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The Wild Life Of Dennis Hopper

Late Hollywood rebel Dennis Hopper provides the grist for a new documentary biography. This week, meet the man whose cinematic notoriety includes directing The Last Movie and playing the unforgettable Blue Velvet villain Frank Booth.

This week’s art film openings also sees the tripling of the gay-themed film count. There’s the still-playing God’s Own Country. Now it’s joined by a portrait of Les Ballets Trockadero de Monte Carlo as well as one of the most highly anticipated tales of first gay love.

Veteran wuxia action fans will jump for joy at a historical fantasy actioner from HK film legends Tsui Hark and Yuen Woo-ping. Their new film mixes a kung fu film with Men In Black. Hopefully, American audiences will like the result.

Aida’s Secrets

67-year-old Izak (aka filmmakers Alon and Shaul Schwarz’ uncle) always believed that the Holocaust’s devastation made him an only child. But a search for the identity of Izak’s father reveals the existence of Izak’s long-lost brother Shep. The siblings’ joyfully reunite with their mother Aida. Yet Aida obviously prefers Izak. More importantly, Shep and Izak turn out to have different fathers. So who is Izak’s real father?

Now at the Opera Plaza Cinemas and the Smith Rafael Film Center

Along For The Ride

Satya de la Manitou, aka the right hand man of Dennis Hopper, anchors this documentary portrait of the late actor and counterculture rebel. The long-time assistant acts as the viewer’s guide to the life of Dennis Hopper from his making the contentious The Last Movie to his death in 2010. Dennis Hopper turns out to be a multi-faceted personality. Some of those facets include: the machine gun fetishist, the great black-and-white photographer, the flaky actor, and the sleep-deprived acid freak.

Now at the Roxie Theatre

Call Me By Your Name

Luca Guadagnino (I Am Love) adapts Andre Aciman’s acclaimed novel for the screen. Precocious 17-year-old Elio Perlman (Timothee Chalamet) spends the summer of 1983 with his family in their Northern Italian countryside home. Joining the Perlman clan is whoever is Professor Perlman’s favored graduate student that year. This year’s honor falls to the 24-year-old graduate student Oliver (Armie Hammer). Initial hostility between Elio and Oliver soon gives way to a very passionate romance between the duo. But will their affair survive the summer?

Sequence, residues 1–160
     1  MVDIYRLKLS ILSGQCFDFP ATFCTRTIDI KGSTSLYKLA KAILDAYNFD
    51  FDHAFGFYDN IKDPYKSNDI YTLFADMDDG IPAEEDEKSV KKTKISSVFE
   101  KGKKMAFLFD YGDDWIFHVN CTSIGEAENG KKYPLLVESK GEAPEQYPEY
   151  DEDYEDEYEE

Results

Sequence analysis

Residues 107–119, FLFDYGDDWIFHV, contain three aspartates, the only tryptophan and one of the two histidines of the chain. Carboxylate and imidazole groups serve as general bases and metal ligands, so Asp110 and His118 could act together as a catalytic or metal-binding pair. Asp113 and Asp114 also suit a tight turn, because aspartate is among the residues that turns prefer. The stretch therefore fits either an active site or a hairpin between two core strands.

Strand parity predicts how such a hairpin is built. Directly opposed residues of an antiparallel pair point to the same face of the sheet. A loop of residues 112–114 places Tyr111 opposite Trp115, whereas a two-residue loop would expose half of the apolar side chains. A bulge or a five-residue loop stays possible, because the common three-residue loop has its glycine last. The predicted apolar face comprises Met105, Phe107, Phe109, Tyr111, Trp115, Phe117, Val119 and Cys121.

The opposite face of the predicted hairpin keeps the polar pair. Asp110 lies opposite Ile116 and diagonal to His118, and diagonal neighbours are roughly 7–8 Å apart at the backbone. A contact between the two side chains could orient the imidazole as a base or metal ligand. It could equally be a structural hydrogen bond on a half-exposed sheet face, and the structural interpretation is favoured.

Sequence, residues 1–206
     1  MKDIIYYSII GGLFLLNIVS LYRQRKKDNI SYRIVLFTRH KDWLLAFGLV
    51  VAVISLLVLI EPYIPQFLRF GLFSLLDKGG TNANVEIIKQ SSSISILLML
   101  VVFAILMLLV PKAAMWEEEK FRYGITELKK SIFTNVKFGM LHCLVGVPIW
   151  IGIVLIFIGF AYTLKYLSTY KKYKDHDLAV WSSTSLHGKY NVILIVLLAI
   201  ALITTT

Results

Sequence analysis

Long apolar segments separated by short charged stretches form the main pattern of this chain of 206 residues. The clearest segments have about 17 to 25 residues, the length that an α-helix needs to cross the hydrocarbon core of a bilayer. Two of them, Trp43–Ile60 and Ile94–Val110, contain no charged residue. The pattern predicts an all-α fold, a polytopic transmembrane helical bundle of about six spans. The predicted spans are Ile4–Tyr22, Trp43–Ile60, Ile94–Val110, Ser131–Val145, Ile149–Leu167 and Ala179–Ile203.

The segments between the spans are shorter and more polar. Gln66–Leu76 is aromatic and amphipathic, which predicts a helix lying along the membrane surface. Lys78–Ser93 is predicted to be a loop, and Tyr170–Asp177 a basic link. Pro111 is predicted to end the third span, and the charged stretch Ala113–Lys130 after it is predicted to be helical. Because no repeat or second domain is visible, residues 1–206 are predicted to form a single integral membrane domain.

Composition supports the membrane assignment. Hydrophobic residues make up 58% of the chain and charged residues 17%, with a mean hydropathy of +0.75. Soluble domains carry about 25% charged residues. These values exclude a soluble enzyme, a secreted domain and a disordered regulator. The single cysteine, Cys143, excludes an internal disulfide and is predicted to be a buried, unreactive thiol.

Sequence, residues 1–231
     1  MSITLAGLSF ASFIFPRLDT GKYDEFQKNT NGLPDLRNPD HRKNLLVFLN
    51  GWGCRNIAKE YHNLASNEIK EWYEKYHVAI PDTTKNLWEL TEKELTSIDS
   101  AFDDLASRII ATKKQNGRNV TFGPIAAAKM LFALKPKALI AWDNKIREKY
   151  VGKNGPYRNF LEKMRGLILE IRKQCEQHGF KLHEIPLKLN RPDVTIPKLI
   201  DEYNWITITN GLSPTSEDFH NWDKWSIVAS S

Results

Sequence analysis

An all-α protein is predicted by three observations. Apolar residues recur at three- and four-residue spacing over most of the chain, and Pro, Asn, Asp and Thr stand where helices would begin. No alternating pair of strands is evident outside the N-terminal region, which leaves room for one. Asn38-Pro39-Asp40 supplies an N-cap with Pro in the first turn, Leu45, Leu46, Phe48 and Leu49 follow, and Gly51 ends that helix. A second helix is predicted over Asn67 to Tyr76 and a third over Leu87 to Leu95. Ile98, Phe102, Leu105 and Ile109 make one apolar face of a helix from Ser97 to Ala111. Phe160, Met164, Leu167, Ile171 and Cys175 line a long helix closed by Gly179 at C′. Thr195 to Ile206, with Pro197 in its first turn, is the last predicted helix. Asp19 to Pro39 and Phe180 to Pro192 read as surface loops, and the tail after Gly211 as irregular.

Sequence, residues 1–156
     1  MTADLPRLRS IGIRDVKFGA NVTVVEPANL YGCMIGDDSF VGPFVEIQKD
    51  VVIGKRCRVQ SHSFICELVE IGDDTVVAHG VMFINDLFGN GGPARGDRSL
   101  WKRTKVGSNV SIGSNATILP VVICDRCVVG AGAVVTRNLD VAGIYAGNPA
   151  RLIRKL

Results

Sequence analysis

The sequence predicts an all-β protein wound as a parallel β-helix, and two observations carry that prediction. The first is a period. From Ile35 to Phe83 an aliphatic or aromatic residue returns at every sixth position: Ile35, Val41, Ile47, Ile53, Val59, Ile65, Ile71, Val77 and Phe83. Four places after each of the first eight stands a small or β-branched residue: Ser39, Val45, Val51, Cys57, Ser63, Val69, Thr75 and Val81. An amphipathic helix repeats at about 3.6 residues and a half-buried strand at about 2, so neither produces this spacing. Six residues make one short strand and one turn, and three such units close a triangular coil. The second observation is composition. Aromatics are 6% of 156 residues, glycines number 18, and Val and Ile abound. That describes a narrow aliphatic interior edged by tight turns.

Now at the AMC Dine-In Kabuki 8 and the Embarcadero Center Cinemas

Rebels On Pointe

Bobbi Jo Hart’s documentary introduces viewers to New York’s Les Ballets Trockadero de Monte Carlo (aka “The Trocks”). This all gay troupe of professional ballet dancers undermine the art’s stuffiness and exclusivity with humor and the troupe’s inclusive membership. Hart’s film follows the Trocks as they prepare for their new season. Aside from the usual backstage drama, the film shows how the dance company’s very existence provides a marvelously out queer space.

Now at the Opera Plaza Cinemas and the Shattuck Cinemas

The Thousand Faces Of Dunjia

Legendary HK director Tsui Hark wrote and produced this remake of The Miracle Fighters. Yuen Woo Ping, who handled the martial arts scenes in the Matrix movies and Kill Bill, directs. In 12th century China, policeman Dao discovers the existence of the Wuyin Clan, a secret society of martial artists who’ve protected humanity for centuries. The clan fights unfriendly outer space aliens hiding among the populace. Both sides fight for possession of the Dunjia, a powerful cosmic device which could look like anything.

Now at the AMC Metreon 16 and the Century 20 Daly City

Youth

He Xiaoping belongs to a provincial People’s Liberation Army dance troupe. Her troupe promotes culture, revolutionary values, and dance. Her father was condemned as an enemy of the party and sent to a labor camp. That fact, along with her innocence, makes He the troupe’s scapegoat and laughing stock. But as the troupe splinters apart, unexpected turns arrive for Xiaoping, including involvement in 1979’s Sino-Vietnamese War. Out of these travails, she will emerge as a true heroine.

Now at the 4-Star Theatre and the AMC Metreon 16

About the Author

I’m a film reviewer for the Beyond Chron blog. Agnes Varda and Hirokazu Kore-eda are among my favorite filmmakers. I occasionally break down and watch a good action film…but don’t tell anyone.

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